The Settlement Obsession

Author
Elliott Abrams
Content Type
Journal Article
Journal
Foreign Affairs
Volume
90
Issue Number
4
Publication Date
Summer 2011
Institution
Council on Foreign Relations
Abstract
Two recent books on the Israeli settlements explore their corrosive effect on Zionism and Israeli society. But despite the problems settlements cause, Washington should not overstate their importance for the peace process, argues a former U.S. deputy national security adviser.
Political Geography
Africa, Israel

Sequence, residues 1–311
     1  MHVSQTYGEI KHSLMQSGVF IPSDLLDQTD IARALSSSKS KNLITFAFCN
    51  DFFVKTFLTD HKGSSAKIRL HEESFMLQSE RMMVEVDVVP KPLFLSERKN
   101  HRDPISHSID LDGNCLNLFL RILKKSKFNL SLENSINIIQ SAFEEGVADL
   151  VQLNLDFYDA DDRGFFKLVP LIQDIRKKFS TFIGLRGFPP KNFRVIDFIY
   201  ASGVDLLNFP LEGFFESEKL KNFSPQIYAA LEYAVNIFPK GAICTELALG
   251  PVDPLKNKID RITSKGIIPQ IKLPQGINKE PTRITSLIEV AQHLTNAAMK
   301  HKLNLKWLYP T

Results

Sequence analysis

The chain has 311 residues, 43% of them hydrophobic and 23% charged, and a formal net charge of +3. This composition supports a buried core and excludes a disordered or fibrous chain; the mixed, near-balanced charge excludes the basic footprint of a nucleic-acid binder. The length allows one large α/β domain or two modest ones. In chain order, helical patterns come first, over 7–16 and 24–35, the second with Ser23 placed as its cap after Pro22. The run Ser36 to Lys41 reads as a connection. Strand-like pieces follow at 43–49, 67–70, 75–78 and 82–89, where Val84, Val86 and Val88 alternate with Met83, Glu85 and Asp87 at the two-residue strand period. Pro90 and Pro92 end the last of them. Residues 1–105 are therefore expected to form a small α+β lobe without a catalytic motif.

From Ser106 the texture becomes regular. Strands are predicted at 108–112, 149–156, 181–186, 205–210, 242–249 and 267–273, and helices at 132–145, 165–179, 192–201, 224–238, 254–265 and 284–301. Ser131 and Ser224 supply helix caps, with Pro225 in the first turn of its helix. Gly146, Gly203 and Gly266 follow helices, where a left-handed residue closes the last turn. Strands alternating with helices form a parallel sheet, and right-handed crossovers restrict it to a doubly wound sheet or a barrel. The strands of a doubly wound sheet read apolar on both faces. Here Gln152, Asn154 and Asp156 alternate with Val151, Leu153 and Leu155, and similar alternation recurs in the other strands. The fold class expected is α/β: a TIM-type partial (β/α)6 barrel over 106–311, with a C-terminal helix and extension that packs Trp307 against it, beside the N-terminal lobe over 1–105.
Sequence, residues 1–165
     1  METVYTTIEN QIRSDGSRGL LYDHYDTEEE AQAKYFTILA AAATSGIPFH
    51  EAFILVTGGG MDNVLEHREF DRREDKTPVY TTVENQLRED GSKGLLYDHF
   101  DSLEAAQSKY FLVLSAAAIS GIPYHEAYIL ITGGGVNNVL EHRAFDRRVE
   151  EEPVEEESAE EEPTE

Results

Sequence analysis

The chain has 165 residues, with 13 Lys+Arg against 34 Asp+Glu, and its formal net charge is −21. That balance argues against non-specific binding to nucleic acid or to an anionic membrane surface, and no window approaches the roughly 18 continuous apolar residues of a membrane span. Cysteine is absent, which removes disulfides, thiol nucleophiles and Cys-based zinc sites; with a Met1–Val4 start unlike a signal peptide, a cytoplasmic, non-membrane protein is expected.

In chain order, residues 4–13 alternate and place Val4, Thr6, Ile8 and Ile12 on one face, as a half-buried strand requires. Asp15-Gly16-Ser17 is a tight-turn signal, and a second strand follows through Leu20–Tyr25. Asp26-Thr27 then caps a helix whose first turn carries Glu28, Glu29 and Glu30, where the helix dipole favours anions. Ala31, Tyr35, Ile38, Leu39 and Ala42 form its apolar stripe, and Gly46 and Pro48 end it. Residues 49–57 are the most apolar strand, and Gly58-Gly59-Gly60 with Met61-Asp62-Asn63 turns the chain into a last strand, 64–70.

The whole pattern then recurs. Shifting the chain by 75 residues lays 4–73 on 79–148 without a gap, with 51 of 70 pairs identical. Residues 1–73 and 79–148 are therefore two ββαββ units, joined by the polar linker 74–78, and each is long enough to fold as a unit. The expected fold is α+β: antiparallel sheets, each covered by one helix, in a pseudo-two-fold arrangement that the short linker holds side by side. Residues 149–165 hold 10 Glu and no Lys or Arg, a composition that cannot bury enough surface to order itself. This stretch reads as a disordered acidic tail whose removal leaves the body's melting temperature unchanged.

On taking office in 2009, U.S. President Barack Obama put Israeli settlements at the center of U.S. policy in the Middle East. In Washington's view, a complete construction freeze in the West Bank and East Jerusalem became not only desirable but also a prerequisite to Israeli-Palestinian peace negotiations. Previous U.S. administrations of both parties had never taken such a stance, and in fact, there had been years of negotiations (not least at Camp David in 2000 and after the Annapolis meeting in 2007) while Israeli settlement activity continued. But the Obama administration stuck to its demand, and when Israel refused to freeze construction, 2009 and much of 2010 went by without negotiations. This only changed in November 2010, when the White House abandoned the entire approach and began to search for a new one. This single-minded focus on a construction freeze was clearly a mistake in the sense that it failed: the Israeli government did not agree to a freeze in East Jerusalem. Nor could any earlier Israeli governments have accepted such a demand, even if they, like Israeli Prime Minister Benjamin Netanyahu, had been open to partial or time-limited freezes in the West Bank. John Kerry (D-Mass.), chair of the Senate Foreign Relations Committee, expressed the situation well when he said in April 2011, "I was opposed to the prolonged effort on the settlements in a public way because I never thought it would work and, in fact, we have wasted a year and a half on something that for a number of reasons was not achievable." What is more, the Obama administration's demand had the effect of cornering Palestinian President Mahmoud Abbas, who could not ask for less than Washington; if the U.S. president thought a total freeze was a prerequisite to negotiations, Abbas would have to think so, too. As a weary Abbas told Newsweek in April, the Obama administration led him up a tree and then "removed the ladder." But the tactic also was a mistake in a deeper sense: current construction in the settlements is not a critical issue, and the expansion of construction into additional lands has been minimal. At Camp David in 2000, Israeli Prime Minister Ehud Barak offered the Palestinian leader Yasir Arafat 94 percent of the West Bank; ten years later, Ehud Olmert offered Abbas 93.6 percent with a one-to-one land swap. So it is clear that settlement expansion has not significantly eaten away at the territory of an eventual Palestinian state. The far more serious issues are wholly outside the short-term question of a freeze: namely, the future of the settlements if and when a Palestinian state is created, their impact on the maneuvering that will advance or impede that objective, and the conflict between the settlers' ideology and that of mainstream Zionism. This is not the view taken in the handsome new collection Occupation of the Territories: Israeli Soldiers' Testimonies 2000-2010. The volume is a product of Breaking the Silence, an Israeli nongovernmental organization that presents itself as the conscience of the Israel Defense Forces (IDF) and indeed of the nation, explaining its role as "pushing Israeli society to face the reality whose creation it has enabled." In this book, Breaking the Silence advances two conclusions. The first relates to the morals of Israel's army and, by extension, Israel itself: "Soldiers who serve in the Territories witness and participate in military actions which change them immensely," the organization explains. "Cases of abuse towards Palestinians, looting, and destruction of property have been the norm for years, but are still explained as extreme and unique cases. Our testimonies portray a different, and much grimmer picture in which deterioration of moral standards finds expression in the character of orders and the rules of engagement, and are justified in the name of Israel's security." The second conclusion is that the presence of Israeli settlers and IDF soldiers in the West Bank is laying waste to the area, reducing it to misery. Some of the testimonies are deeply affecting, and there is no doubt that occupation duty brings out the worst in some soldiers: violence, bullying, vandalism, and theft. Official accounts of the U.S. occupation of Germany after World War II, for example, make clear that there is no such thing as an immaculate occupation. But in this book, Breaking the Silence appears less interested in the current impact of the settlements and the backdrop to the IDF's actions in the West Bank than in advancing particular ideological and political points. For one thing, why produce a volume in 2010 that has so many testimonies about Gaza, from which all Israeli forces withdrew in the summer of 2005? Why include so many interviews from 2000-2002, the years when the second intifada was at its height, rather than interviews from more recent years? In the section on the methods the IDF uses to prevent terrorism, for example, there are 67 interviews, but only five are from 2008 or later; similarly, a section on how the IDF carries out a "policy of control, dispossession, and annexation of territory" contains 44 interviews, of which just six are from 2007 or later. A logical inference from this data would be that the IDF's conduct is improving, but Breaking the Silence does not discuss this possibility. Nor does it discuss what the IDF was attempting between 2000 and 2002, namely, trying to stop terrorist acts that were maiming and killing thousands of Israelis. There is just one sentence about terrorism in this entire volume, acknowledging that "it is true that the Israeli security apparatus has had to deal with concrete threats in the past decade, including terrorist attacks on Israeli citizens."